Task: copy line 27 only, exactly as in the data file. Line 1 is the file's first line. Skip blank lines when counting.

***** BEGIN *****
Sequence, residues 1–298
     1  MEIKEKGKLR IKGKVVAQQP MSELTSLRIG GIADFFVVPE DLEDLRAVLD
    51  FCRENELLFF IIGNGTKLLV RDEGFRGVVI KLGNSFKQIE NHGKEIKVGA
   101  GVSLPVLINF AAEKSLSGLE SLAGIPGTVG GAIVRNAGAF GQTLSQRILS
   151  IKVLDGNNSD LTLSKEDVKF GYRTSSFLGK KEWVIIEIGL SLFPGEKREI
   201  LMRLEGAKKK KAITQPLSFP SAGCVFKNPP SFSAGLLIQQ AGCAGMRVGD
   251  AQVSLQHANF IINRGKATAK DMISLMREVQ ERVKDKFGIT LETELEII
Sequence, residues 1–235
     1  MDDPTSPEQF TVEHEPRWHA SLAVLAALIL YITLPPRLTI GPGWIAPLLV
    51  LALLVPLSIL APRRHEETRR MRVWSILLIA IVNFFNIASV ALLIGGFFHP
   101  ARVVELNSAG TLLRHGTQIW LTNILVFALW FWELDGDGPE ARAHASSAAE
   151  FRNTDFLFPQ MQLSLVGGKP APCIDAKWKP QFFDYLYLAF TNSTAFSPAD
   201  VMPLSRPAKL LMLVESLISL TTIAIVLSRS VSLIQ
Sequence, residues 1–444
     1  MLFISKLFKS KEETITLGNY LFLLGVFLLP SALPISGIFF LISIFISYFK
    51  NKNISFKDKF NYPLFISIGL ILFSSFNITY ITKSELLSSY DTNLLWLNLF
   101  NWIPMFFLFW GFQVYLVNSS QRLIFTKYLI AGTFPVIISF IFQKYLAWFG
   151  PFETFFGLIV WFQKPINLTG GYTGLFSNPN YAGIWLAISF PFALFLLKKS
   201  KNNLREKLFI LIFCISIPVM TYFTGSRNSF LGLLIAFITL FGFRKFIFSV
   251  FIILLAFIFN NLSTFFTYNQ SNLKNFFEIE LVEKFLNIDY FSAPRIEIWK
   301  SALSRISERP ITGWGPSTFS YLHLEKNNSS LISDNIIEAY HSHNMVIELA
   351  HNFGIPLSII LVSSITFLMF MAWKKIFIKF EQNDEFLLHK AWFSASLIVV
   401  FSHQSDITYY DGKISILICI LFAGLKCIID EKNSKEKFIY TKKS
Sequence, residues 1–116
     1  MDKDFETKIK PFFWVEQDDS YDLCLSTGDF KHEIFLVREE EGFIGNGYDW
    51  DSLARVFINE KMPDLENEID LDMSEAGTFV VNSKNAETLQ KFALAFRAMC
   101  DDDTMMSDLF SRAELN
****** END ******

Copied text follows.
   101  DDDTMMSDLF SRAELN